What’s one way to change YouTube’s f-you attitude? Competition.
As the music industry prepares for war against YouTube, another giant is sensing opportunity. Amazon has now launched a YouTube-like video platform that allows content creators to earn revenue through advertising and royalties on uploaded videos, with far greater control and collaboration. Which might be exactly the kind of approach the music industry prefers, and ultimately supports.
YouTube is notorious for setting terms and telling creators to like it (and then telling them to love themselves). In complete contrast, Amazon is extending a far more collaborative proposition. On Amazon Video Direct, content creators will have the option of determining how their videos are used. Specific preferences determine whether the user can stream the video, buy the video, download it, or even rent it. There’s even the option to bundle videos together in a TV-season-like format.
Amazon says that their Video Direct service is dramatically different from YouTube, as it’s not only more flexible, but is has wide reach and is available on innumerable supported devices—Fire TV, phones, tablets, game consoles, Smart TVs, as well as the web.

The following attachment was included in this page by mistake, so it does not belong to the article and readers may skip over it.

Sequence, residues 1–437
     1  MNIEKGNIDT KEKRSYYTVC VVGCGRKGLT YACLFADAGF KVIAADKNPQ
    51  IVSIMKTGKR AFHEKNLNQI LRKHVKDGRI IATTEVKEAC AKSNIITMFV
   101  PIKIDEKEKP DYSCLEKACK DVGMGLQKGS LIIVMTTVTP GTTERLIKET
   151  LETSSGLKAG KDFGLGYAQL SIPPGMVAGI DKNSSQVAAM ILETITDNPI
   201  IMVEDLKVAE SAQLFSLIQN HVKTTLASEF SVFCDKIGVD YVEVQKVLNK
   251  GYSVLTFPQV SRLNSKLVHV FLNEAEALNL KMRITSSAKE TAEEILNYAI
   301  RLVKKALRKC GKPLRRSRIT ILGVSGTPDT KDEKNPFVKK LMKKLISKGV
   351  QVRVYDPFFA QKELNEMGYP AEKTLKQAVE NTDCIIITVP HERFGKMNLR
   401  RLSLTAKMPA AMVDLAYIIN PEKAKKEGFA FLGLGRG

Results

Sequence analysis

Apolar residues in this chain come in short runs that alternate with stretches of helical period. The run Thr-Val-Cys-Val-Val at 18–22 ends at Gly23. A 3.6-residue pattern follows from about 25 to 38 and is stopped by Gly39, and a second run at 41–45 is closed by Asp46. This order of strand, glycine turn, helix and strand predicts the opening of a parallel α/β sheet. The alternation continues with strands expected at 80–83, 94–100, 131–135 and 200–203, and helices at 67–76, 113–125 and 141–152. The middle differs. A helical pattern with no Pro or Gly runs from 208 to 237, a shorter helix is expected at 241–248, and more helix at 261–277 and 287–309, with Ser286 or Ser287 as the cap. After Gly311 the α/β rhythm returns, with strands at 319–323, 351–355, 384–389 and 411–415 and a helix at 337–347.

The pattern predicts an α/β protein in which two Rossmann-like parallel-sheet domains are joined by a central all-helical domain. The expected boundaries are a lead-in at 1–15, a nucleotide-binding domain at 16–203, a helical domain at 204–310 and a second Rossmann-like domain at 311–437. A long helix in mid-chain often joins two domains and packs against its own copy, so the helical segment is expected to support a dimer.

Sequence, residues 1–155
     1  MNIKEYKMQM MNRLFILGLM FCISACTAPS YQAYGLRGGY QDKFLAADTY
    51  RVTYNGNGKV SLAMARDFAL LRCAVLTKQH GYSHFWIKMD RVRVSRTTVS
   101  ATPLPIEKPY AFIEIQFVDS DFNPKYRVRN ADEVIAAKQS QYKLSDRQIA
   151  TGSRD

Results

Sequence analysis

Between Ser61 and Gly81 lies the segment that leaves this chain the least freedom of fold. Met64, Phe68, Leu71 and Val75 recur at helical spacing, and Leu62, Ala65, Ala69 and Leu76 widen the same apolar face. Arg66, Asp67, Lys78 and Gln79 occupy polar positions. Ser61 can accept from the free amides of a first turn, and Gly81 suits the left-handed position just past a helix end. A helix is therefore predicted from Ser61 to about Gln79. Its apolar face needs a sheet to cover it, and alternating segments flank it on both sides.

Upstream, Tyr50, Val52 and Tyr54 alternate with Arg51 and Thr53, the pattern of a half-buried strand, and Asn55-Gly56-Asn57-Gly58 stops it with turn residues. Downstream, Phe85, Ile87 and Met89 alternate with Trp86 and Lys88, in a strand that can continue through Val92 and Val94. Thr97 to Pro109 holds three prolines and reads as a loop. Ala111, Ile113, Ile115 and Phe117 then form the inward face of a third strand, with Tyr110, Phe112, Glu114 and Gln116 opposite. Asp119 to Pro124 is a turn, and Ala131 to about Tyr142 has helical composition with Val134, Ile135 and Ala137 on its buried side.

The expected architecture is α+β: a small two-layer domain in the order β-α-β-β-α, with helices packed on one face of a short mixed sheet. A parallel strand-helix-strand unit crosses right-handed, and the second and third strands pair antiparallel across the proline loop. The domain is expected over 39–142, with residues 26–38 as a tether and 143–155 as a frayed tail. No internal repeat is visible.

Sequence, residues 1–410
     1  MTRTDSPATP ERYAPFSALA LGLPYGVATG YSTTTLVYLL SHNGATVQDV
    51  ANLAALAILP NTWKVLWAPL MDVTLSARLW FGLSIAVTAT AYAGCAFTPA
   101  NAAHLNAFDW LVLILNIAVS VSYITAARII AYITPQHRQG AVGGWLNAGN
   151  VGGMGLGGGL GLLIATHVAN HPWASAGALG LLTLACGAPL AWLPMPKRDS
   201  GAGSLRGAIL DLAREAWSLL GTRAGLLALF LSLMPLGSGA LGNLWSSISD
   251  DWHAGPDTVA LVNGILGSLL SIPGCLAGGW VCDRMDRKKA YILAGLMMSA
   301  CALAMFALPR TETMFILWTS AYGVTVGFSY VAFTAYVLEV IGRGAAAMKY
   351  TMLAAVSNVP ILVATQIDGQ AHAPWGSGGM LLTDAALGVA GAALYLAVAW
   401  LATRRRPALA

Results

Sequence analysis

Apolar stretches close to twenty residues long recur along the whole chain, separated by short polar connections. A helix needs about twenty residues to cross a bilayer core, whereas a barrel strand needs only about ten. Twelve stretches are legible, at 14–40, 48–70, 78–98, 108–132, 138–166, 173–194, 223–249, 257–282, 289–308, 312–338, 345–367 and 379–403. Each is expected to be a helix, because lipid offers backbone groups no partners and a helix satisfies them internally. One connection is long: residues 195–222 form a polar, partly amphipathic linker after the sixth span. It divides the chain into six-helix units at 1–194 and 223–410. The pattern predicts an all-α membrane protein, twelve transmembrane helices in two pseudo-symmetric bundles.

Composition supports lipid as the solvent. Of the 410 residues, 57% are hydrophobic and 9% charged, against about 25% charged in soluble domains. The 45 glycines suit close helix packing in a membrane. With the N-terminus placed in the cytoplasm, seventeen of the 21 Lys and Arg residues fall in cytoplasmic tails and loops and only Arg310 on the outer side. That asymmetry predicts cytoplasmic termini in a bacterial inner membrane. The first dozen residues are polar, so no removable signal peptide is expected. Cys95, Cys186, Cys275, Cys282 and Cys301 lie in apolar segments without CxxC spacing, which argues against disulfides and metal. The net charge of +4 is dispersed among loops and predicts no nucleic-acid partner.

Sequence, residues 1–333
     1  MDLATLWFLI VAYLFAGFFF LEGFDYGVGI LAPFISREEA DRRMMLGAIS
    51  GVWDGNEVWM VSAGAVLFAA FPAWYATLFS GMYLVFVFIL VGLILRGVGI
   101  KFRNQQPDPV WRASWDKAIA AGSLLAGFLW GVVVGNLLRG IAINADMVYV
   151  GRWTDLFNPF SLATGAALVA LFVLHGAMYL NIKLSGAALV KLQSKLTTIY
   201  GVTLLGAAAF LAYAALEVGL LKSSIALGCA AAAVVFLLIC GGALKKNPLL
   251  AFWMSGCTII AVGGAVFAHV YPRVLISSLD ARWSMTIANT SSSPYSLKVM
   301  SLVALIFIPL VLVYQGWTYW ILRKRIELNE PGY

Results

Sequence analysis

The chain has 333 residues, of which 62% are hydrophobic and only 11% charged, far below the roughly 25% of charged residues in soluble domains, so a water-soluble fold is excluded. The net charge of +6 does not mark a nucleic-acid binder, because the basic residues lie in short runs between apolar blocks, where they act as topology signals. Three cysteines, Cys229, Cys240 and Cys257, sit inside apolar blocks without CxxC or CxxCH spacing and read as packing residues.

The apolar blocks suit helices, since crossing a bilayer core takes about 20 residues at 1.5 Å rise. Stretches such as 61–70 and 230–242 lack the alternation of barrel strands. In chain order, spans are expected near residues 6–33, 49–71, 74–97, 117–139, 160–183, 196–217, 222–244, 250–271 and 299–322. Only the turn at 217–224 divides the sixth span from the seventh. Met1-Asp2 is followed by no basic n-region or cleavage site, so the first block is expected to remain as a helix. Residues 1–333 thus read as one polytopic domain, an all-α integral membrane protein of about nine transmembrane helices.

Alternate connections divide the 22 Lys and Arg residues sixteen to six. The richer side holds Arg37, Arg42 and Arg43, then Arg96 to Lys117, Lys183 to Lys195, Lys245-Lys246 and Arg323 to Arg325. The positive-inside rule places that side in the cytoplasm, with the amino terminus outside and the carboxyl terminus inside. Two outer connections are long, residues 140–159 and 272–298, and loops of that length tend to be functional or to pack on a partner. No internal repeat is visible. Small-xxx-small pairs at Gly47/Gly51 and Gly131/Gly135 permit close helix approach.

On top of this, Amazon also offers optimization of its service for its users by providing performance metrics. That includes the number of minutes the video has been streamed, number of subscribers, projected revenue, payment history, and options for how to optimize the way titles are offered and promoted.
So how do creators make their videos available on AVD?
Creators can include their video in Prime Video, through the Streaming Partners Program as an add-on subscription, as a one-time rental or a one-time purchase, or if you’re an Amazon customer. In a statement, Jim Freeman, Vice President of Amazon Video, said..
“For the first time, there’s a self-service option for video providers to get their content into a premium streaming subscription service.”
As solid as this service may be, Amazon has a long way to go to successfully compete with YouTube, which has over 1 billion active users worldwide and is still the dominant player for video content. But maybe the industry, which is growing increasingly frustrated with YouTube’s ability to dictate terms, will migrate to a friendlier Amazon.